How good are you at getting people to follow your brand on networks like Facebook, Twitter, Pinterest and Google Plus?
Maybe you find that, despite adding content weekly – or even daily – no-one is really reacting to what you’re saying.
A study by eMarketer sets out nine reasons why customers connect with brands on social media and they are:
1. They are looking for deals or discounts 44.3%
2. They love the brand and want to follow it 36.9%
3. They want to keep up with brand news 27.5%
4. They noticed someone else following the brand company profile 18.8%
5. Others in their social network recommended it 16.1%
6. An ad in print, TV or online led them to it 14.8%
7. It was mentioned in an article 12.8%
8. They have a professional interest 10.7%
9. The company’s tweets/posts are entertaining 9.4%
Are you bearing these motivations in mind or are you just pumping out ill considered “me, me, me” content?
Photo by “Christopher” (here on Flickr)
A Eureka moment came to me this morning as I was fiddling around with my Twitter ‘favourites’ in perplexed bafflement – wondering why on Earth anyone would ever want to ‘favourite’ any tweets.
“Of course! Businesses can use Twitter favourites as a testimonials page,” I exclaimed, simultaneously applauding and reaching round to pat myself on the back.
Except, a few minutes into marveling at the simplistic beauty of my discovery, Google told me that businesses were already doing it the world over. That pesky Google!
Ah well, there goes the Nobel Prize for Social Media. But it’s clearly an idea people like so I’ll share it anyway:
What I’m saying is that businesses and brands should look through their mentions on Twitter and ‘favourite’ the ones that speak highly of them, recommend them or praise them. Why? Because you can link to your ‘favourites’ page from, say, your website and replace your old-style testimonials page with the new Twitter link, calling it “What They Say” or “Testimonials” or something similar.
I have received an illuminating response to my post on regional newpaper giant Newsquest’s new ‘social networking policy’ – from the company’s ‘managing director, digital media’, Roger Green.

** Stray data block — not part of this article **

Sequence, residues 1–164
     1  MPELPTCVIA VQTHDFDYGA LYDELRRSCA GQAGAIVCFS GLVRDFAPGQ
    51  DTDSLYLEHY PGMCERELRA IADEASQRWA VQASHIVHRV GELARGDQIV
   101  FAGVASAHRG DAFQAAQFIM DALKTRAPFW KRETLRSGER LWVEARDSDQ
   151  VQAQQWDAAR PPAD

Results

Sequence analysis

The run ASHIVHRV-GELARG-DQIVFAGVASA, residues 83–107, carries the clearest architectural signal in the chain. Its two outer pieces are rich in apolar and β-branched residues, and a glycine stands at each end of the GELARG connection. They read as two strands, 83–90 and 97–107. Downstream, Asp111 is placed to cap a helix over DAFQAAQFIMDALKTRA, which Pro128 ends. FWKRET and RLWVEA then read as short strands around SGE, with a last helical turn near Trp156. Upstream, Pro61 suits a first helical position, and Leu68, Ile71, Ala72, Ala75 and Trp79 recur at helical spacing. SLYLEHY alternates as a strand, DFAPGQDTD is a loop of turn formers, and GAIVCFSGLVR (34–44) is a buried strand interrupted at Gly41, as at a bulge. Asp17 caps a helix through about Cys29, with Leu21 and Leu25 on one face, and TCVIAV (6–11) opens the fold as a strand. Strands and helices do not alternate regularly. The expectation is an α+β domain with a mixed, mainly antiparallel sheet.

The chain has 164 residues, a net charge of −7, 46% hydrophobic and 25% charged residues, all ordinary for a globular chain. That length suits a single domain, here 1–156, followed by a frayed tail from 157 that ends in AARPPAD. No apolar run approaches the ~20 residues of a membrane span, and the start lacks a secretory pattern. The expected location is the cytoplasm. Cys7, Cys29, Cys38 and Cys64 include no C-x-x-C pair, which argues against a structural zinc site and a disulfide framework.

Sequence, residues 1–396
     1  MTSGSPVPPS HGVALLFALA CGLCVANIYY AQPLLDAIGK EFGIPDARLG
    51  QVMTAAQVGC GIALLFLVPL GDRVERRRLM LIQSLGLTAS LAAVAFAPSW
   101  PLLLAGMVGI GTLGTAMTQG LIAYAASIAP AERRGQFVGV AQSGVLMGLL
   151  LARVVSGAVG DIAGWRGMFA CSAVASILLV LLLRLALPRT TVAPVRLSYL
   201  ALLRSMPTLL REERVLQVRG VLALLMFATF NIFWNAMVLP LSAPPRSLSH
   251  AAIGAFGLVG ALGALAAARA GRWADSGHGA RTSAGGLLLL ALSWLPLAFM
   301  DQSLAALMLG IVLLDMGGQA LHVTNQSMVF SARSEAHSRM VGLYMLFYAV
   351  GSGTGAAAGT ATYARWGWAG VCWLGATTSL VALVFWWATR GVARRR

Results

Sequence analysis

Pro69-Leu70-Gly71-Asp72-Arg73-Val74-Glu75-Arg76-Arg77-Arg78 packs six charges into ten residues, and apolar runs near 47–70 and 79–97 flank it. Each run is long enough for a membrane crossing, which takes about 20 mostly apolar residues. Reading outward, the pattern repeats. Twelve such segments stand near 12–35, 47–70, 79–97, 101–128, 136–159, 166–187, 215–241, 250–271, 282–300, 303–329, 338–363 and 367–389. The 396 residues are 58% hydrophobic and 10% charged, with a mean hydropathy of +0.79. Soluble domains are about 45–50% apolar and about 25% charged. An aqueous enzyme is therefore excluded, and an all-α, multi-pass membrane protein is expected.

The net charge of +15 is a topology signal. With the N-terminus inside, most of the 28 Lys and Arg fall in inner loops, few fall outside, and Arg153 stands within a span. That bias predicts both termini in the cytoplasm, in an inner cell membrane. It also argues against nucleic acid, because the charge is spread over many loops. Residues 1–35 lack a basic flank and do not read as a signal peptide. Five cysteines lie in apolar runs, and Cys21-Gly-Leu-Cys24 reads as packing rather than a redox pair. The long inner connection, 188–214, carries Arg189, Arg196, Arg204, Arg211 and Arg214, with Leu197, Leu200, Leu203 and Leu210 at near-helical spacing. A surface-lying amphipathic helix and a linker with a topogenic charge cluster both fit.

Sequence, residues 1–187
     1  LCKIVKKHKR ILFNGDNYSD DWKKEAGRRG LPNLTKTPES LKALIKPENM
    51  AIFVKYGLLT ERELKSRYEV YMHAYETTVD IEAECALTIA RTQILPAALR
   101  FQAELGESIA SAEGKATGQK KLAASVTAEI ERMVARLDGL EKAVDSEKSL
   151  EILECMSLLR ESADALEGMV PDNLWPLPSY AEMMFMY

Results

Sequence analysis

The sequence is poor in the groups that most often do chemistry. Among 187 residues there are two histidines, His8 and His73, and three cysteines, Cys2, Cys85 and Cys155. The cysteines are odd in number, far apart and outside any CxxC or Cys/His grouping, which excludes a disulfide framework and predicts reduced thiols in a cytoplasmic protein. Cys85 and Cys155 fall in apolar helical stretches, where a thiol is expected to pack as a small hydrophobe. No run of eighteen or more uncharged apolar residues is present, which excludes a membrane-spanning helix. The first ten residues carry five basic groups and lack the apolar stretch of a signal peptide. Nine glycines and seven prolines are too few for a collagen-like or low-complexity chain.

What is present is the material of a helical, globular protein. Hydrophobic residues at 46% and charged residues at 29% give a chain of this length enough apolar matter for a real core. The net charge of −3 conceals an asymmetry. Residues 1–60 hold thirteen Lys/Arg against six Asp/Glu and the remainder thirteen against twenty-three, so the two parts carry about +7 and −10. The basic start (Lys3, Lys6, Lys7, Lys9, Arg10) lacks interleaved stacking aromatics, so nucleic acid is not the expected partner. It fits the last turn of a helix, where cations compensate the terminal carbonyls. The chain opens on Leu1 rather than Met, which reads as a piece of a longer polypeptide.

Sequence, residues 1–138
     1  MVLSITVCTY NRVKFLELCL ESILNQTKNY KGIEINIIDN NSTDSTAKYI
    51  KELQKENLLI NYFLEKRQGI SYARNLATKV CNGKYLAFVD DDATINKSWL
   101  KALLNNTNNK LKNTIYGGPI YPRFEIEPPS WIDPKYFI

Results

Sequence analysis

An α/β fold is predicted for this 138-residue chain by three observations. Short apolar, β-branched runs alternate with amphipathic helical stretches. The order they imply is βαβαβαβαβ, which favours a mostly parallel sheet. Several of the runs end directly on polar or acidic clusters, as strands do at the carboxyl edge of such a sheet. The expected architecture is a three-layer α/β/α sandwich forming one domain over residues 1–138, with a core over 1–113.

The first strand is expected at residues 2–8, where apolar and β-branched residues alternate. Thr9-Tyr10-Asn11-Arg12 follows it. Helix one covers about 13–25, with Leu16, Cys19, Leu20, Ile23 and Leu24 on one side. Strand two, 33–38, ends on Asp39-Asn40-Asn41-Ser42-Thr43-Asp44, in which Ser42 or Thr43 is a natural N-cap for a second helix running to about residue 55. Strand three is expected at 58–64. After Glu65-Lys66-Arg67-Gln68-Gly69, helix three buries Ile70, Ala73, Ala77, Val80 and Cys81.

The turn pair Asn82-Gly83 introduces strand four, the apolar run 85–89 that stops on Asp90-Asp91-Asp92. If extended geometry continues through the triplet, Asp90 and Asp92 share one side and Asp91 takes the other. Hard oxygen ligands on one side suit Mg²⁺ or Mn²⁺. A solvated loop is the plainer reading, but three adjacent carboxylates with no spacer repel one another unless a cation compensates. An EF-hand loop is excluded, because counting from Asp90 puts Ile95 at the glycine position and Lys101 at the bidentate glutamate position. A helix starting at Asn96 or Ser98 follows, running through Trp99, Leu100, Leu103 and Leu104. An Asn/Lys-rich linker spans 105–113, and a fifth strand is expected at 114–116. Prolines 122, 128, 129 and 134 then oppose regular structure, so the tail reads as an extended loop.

In that post, I accused Newquest of potentially turning its excellent tweeting reporters into rule breakers with its ‘retrograde diktats’. The policy was shelved within 48 hours.
When I enquired whether this had been a result of the furore it caused, Mr Green emailed me to say that he hadn’t seen the policy but its critics were guilty of mischievous “Newsquest-bashing spin”.
Oddly, he defended the document using words that were nearly identical to those used by blog trolls ‘Morrow666’ and ‘Doris Archer’ here and here. I wonder how Morrow and Doris could have been so well acquainted with the company line?
Yesterday, I criticised the newly-imposed social media policy of a major UK media group, saying it risked turning its reporters into rule-breakers overnight.
**UPDATE ON 12/8/11, 12.15pm**
The blog post below questions the wisdom of Newsquest’s new ‘social networking policy’, which rules out many of the productive online practices of its journalists. I have just heard that Newsquest has SHELVED the policy in response to the outrage it caused among its own journalists this week. I have emailed managing director Roger Green and James Trudgian, head of audience development, to ask if this is true and why the policy has been withdrawn. I will update again when I have the company’s official response.
This article was first posted at MRM’s website.
Have you ever watched your dad merrily body popping to So Solid Crew on the dance floor, pint of bitter in hand?
I have – and I can tell you it’s about as congruous as the phrases ‘rock’ and ‘social media’ in a headline about ‘financial services’ and ‘compliance’.
Instead of using Twitter, Facebook, YouTube and the rest to shout about their products, many are providing tailored advice and support and building long-term relationships using the technologies.
They are engaging before, during and after the sale.
In fact, the cleverest companies have gone further still and have embedded digital across their organisations to conduct research and gather intelligence, to connect customers who might be able to help each other, to look for new employees, generate growth ideas and much more.
They are a beacon for the public sector.
It occurred to me afterwards that the advice I gave him is relevant to you too whether you are small, medium or humungous; whether you sell shark tanks, speech therapy or bleach.
So here’s the beginnings of a plan for your business – base your programme or strategy on this and contact me on Twitter or in the comments if I can be of further help. If this is useful, all I ask in return is that you ‘retweet’ the post or share it in your preferred way.